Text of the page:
Call it what you will — an August Occasion, Summery Judgment, Iowa ... wa ... whatever — the hype is hyperbolic this week as Republican presidential aspirants converge on Ames, Iowa, like storm clouds on an open prairie.
The political blame game that has followed Standard & Poor's U.S. debt downgrade has been dismally predictable.Democrats point fingers at the Tea Party wing of the Republican Party. Republicans condemn President Obama for an inability to lead.
When Standard & Poor's downgraded the United State's credit rating, it said that the "effectiveness, stability and predictability of American policymaking and political institutions have weakened." In other words, S&P was down on Washington's dysfunction, distrust and gridlock.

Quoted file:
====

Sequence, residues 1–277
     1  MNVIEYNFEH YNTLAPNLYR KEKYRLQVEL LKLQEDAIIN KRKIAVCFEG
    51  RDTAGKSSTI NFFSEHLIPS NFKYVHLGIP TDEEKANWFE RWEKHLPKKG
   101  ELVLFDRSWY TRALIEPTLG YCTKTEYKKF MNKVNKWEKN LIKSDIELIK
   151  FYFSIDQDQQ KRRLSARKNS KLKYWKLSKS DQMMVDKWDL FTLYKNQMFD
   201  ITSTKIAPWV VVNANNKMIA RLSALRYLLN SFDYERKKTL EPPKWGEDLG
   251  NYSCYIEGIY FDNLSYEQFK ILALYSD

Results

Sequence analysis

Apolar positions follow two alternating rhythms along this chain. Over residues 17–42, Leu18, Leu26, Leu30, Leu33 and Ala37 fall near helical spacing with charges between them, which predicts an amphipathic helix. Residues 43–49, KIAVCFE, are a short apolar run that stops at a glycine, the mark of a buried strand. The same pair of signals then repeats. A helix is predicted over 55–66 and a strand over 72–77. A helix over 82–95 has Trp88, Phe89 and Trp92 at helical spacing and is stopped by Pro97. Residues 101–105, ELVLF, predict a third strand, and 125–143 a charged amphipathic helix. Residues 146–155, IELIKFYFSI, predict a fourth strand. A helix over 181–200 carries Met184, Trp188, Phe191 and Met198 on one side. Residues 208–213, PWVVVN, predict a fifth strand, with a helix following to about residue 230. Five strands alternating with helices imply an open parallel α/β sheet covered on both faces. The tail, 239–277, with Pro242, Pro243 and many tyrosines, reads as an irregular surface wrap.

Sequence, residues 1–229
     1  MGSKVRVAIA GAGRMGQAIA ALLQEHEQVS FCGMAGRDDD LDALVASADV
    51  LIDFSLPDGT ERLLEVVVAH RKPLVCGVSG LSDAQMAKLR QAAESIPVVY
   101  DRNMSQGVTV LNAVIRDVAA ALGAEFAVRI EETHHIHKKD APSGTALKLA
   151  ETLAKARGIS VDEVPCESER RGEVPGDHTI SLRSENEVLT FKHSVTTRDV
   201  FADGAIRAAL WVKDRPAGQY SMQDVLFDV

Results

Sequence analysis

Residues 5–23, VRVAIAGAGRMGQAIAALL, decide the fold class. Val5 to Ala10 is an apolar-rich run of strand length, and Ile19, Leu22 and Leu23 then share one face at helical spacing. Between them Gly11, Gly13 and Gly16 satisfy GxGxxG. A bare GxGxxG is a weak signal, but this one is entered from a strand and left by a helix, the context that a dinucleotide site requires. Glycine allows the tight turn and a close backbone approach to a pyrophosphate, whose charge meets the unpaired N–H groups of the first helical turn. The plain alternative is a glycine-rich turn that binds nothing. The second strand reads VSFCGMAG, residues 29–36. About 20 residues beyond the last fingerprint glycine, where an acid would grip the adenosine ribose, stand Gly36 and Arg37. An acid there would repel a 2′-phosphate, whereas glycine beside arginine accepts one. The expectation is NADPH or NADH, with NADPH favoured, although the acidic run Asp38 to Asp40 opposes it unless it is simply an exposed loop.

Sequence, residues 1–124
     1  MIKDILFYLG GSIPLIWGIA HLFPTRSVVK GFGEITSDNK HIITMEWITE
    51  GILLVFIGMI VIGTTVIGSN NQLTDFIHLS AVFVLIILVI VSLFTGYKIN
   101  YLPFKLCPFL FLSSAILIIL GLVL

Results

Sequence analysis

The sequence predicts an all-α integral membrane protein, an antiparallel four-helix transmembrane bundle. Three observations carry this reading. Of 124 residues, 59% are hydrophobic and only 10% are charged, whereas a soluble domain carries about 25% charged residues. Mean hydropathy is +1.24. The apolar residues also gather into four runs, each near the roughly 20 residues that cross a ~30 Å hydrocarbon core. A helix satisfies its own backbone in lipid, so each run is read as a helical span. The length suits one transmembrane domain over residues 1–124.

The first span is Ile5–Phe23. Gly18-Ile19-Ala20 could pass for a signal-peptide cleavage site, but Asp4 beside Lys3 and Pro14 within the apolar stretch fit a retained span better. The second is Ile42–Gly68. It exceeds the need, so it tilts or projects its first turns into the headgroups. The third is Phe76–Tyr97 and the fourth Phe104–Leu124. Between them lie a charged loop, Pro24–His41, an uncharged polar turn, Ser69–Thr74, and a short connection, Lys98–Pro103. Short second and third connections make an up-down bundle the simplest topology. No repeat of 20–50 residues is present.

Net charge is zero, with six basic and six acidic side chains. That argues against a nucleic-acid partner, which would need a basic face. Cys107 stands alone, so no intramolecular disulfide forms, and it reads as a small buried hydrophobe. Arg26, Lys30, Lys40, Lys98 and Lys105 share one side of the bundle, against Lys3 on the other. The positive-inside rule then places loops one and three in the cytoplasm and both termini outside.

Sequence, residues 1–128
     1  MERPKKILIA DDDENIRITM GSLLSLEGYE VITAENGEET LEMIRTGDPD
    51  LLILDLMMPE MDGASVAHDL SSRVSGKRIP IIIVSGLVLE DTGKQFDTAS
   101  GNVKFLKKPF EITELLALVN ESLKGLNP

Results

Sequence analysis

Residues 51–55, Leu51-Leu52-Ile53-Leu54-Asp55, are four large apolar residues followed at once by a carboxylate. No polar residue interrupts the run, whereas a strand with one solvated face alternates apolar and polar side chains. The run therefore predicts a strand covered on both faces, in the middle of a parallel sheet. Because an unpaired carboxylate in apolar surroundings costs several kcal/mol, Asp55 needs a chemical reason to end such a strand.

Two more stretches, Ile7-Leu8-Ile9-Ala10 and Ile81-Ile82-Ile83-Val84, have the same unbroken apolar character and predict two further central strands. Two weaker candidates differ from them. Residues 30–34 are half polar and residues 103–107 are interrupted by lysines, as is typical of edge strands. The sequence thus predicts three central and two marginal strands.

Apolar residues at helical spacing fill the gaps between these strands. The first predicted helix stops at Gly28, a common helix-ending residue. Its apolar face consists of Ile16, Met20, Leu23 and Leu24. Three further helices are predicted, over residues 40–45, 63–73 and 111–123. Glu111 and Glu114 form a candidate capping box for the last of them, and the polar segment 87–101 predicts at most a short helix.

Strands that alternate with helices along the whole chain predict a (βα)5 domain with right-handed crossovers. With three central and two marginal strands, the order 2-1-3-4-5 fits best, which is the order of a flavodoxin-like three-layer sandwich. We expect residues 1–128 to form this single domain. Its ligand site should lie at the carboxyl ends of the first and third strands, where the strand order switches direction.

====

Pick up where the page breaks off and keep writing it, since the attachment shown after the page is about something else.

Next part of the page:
It could have been a typical service at any megachurch in the South, with a tight band, a great choir, big-screen projection, and a large congregation swaying and praying. But the speaker who drew the biggest response at the prayer rally in Houston on Saturday was Texas Gov.
Republicans and Democrats quickly doled out blame to each other and China weighed in angrily after the first-ever downgrade in America's sterling credit rating — an expected but unsettling move that further clouds prospects for the recovery of the fragile U.S.